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Get On Board With the Media Express

musebe profile image eugene musebe Updated on ・9 min read

Alt Image Uploads $ Retrievals

In today’s online world, the delivery speed of your eCommerce web and mobile apps is a paramount factor in user experience. If your customers become frustrated by a lengthy load time for your website, they might stop visiting it, putting your online presence at risk. The fact is, people judge your brand by how well they can interact with your web and mobile apps before contacting you in person.

For web developers, managing digital assets, such as videos, photos, music, and other multimedia, is a must-do. Poor handling of that task might lead to slow performance of your apps, causing a dismal user experience.

No worries,Cloudinary is here to the rescue.

Cloudinary is a cloud-based platform for managing images and videos, enabling businesses and developers to focus on their specialties. In fact, management of digital assets is Cloudinary’s core business.

This article steps you through the process of developing a simple, web-based app that creates, reads, and deletes media from the Cloudinary servers.

Installing NPM

To start, download the most stable release of the Node.js binaries from https://nodejs.org.Afterwards, install them on your machine by following the procedure on the page that pertains to your platform.

To confirm the installation, type these two commands:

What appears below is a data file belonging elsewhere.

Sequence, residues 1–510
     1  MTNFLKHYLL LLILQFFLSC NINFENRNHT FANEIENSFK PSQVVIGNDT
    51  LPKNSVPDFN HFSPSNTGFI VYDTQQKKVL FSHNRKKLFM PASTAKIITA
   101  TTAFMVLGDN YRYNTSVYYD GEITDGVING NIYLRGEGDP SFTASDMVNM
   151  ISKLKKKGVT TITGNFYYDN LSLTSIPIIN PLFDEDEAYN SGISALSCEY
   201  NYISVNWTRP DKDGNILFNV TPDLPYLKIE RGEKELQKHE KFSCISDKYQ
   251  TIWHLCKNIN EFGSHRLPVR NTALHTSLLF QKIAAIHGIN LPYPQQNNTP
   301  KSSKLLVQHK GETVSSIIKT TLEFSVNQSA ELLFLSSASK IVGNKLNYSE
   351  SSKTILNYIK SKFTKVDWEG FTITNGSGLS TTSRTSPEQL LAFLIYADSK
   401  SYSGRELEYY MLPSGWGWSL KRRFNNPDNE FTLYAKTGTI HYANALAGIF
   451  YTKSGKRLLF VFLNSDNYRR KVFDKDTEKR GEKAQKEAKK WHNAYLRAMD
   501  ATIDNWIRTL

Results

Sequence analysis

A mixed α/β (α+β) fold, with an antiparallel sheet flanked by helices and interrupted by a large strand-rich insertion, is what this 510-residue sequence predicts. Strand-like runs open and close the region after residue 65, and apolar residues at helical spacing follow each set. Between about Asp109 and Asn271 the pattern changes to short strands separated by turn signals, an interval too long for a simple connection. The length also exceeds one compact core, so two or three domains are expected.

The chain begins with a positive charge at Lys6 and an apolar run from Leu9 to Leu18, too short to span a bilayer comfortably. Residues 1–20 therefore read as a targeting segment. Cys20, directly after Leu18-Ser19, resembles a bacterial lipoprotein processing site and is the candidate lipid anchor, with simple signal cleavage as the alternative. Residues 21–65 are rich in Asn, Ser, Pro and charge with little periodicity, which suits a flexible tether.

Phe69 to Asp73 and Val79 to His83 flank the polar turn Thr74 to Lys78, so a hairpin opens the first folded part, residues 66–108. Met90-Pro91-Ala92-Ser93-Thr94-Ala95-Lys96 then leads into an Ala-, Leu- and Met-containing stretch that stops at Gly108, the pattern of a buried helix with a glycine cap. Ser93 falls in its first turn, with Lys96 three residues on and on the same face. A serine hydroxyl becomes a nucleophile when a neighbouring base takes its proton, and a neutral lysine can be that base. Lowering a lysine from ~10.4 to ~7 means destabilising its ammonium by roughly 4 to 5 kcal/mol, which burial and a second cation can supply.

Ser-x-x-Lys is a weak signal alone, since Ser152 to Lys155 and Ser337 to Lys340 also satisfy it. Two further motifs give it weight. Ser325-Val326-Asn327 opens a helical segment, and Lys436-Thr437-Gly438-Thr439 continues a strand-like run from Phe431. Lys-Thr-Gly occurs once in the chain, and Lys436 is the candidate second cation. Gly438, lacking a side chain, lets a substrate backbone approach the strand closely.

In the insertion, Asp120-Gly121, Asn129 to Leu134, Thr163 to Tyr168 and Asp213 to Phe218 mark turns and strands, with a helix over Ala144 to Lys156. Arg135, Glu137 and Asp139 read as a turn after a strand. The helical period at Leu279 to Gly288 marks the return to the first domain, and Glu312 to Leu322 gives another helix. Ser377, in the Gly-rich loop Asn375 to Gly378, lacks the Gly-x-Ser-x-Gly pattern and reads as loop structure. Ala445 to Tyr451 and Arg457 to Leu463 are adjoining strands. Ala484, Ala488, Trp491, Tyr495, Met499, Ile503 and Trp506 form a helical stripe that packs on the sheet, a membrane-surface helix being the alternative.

node -v
npm -v

The output displays the version numbers of your Node.js and the Node Package Manager (NPM), a tool for installing, uninstalling, and maintaining package modules for apps.

Initializing a New App

A basic Node app contains a .js file and a package.json file, which does the following :

  • Specifies the packages on which your project depends,
  • Lists the versions of a package that your project can use according to the semantic versioningrules.
  • Makes your build reproducible, hence easier to share with other developers.

To generate a package.json file for your app, navigate to your project folder in a terminal or, for Windows users, in Git Bash, and type the following command:

npm init -y

Running the above command without the flag -y generates questions that prompt for answers from you, which would clearly describe the app and its dependencies.

Installing the Required Dependencies

Run this command to install the required dependencies:
npm install express body-parser multer express-handlebars moment dotenv cloudinary --save

Below are the dependencies:

  • express: A web-app framework for Node.js.
  • body-parser: A middleware that handles post requests in express.
  • multer: The Node.js middleware for handling multipart FormData.
  • express-handlebars: A Handlebars view-engine for express.
  • moment: A lightweight JavaScript date-library for parsing, validating, manipulating, and formatting dates.

  • dotenv: A module that loads environment variables from a .env file into the process.env property.

  • cloudinary: A Node.js wrapper that enables you to communicate with the Cloudinary servers.
    Once the dependency packages are in place, edit the package.json file to read like this:

Alt package.json

As specified in the file, the entry point to your app is the server.js file. That is where you will document most of the logic on which the app depends.

Starting the Server

Next, start the server by adding the following code to the server.js file: